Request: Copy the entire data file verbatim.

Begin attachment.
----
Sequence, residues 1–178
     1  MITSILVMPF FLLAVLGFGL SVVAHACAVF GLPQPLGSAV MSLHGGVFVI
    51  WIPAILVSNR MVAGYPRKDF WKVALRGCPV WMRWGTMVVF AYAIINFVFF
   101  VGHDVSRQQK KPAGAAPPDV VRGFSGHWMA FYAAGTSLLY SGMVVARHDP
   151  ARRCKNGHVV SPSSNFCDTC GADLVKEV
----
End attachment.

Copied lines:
Sequence, residues 1–178
     1  MITSILVMPF FLLAVLGFGL SVVAHACAVF GLPQPLGSAV MSLHGGVFVI
    51  WIPAILVSNR MVAGYPRKDF WKVALRGCPV WMRWGTMVVF AYAIINFVFF
   101  VGHDVSRQQK KPAGAAPPDV VRGFSGHWMA FYAAGTSLLY SGMVVARHDP
   151  ARRCKNGHVV SPSSNFCDTC GADLVKEV